Jeff--But he knew he could come here, and...
Jill--Yeah, and he could come here and take a shower, and off he'd go again. But I really wouldn't let him in the front door. And then it rained, for like, a month, and then I pitched a tent outside for him. But, you know, I'd come home, and he'd be on my courtyard every night. So then, I'm in bed with my dog, and John's out in the rain, so I just went "Fuck it.", and let him in. We're talking three years later, maybe four.
Jeff--And this was all platonic, strictly friends?
Jeff--That's amazing, that there are no hard feelings, and...
Jill--Oh, there's plenty of hard feelings, we've got a lot of hate for each other, don't kid yourself. But we've got love AND hate, so...(laughs)
Jeff--It's a love/hate thing, Johnny gets into those with a lot of people. He's in one with a guy named Pickett.
Jill--Yeah, we love him but we hate him.
Jeff--So the Daisies played some gigs, and decided to make a record. And you and Billy paid for the record.
Jill--Yeah, Billy was involved. At that point, we called in the keyboard player. John wanted to play with him, and he was in contact with John. So we had Billy come in. We started as the three of us, and then Billy came in, maybe a few months in, and was great.
Jeff--And then (drummer) Bobby Gold came in?
Jill--No, Bobby was there. Me and John and Bobby, and then Billy came in after.
Jeff--And Johnny said you did the record (It's No Fun To Be Paranoid) over a few weekends.
Jill--No, we worked on it for a few months. It was only the first ones that John did, that he did in, like, two or three days. 'Cause we didn't have the twelve-hour days, we'd go up for three hours at a time, four hours. It wasn't like we'd go spend twenty-four hours in a row there (in the studio).
Jill--Yeah, I wrote a lot. John and I probably co-wrote that album.
Johnny--She's saying the words (lyrics).
Jill--Yeah, the words. 'Cause I was all full of emotion, with Marco dying, and all that. So there was a lot of that in that record. And John had music, when I had the words, and it just went together, and he'd show me how to play it. And I owe everything, playing-wise, to what he's taught me.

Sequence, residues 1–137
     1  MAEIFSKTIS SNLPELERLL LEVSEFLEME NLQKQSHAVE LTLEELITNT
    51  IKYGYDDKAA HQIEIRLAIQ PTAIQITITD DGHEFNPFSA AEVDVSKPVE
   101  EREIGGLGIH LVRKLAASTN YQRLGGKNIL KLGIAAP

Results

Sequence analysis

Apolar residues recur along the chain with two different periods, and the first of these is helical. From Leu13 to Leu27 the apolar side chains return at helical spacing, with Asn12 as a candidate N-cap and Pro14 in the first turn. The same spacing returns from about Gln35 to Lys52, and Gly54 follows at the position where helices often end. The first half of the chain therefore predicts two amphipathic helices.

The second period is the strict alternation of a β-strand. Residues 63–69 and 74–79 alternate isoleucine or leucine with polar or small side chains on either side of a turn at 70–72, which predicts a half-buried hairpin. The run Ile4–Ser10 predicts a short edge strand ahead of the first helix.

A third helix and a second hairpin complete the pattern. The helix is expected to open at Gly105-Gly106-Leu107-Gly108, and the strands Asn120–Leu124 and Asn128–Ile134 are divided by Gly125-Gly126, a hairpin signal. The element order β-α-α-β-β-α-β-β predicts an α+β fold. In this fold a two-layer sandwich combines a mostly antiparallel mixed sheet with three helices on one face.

Jeff--How did you decide to put out your own cd? Who's idea was it?
Jill--We didn't think it would be so hard, because we had done all the earlier Daisies' press. But we didn't realize that now there's, like forty million bands, instead of only one million, back in the day. (laughs) So it was a little harder to get any kind of attention. Whereas before, John got in the (Spin magazine's) eighty best records of the '80's, and it was just easy to get a review in Rolling Stone, and now, unless you really had connections, it was a little harder hooking stuff up.
And plus, again, I learned to just deal with my photo business, and finance the record stuff. Instead of thinking that (music) was gonna pay the bills.
Jeff--And you and Billy do the organizing and scheduling, you work together on that?
Jill--Yeah, uh-huh, he's (Billy) a salesman, so I feel like it should fall more in his lap. (facetiously)
Jeff--And you've been playing about once a month.
Jill--I always felt like, if we don't rehearse once a week, we're not a band. And John doesn't feel the same way, but I kinda was new to it, and I needed it, as did everybody else, including John, you know? (laughs) Not to make it like work, or a job, or something, but I just thought practice once a week, and play out once a month, was our kind-of, goal, 'cause we all have other lives, and stuff. That was what we tried to do.
Jeff--And was it worth it?
Jeff--Any regrets about re-starting the Daisies?
Jill--Oh, not in the least bit, it's been great, just the greatest. 'Cause for years, I didn't...you know, I was just on my own, so it was like the fun part of my life, to just go out, and be sociable, and do something different than my photo work. It became like, the art of my life, that wasn't about making a living.
Jeff--Even if you love photography, the repetition could be a drag.
Jill--No, it's not the repetition, it's more the...I dunno, it's just a commercial endeavor. Not an 'act of art', totally, it's a bottom-line, business, sort of a deal.
Jeff--Yeah, well, art doesn't pay.
Jill--(laughs) Yeah, exactly. Neither does cool, so...
Jeff--So you played some gigs after Paranoid came out. And then Charlie (Pickett) came out and played with the Daisies. How was that? Who put it together? Did everybody enjoy it?
Jill--Yeah, Billy was the one who orchestrated that whole thing. To his credit, Billy, just like with John, kept trying to get him (Charlie) to do stuff. Billy would get on the phone with Charlie, and try and get him to play gigs, and book gigs, with Charlie and us, just to try and get him to play.
And when we first backed Charlie up, that was nerve-wracking for me, because Charlie wouldn't practice. And I needed practice to learn the songs. 'Cause I'm not, like a, schooled musician, or an experienced musician, that knows just, how to jam. I have to be shown songs, and I have to practice 'em a lot, and then I get 'em--great! But Charlie didn't have any desire to practice (laughs), so it was very stressful for me. But we pulled it off, and played a few gigs together. But then Charlie got his own band, and it was better. Because we liked backing him, but with Charlie's (having his) own band, then the Psycho Daisies could be it's own separate thing, and not have the two (bands) sound like each other, or any kind of competitive-ness.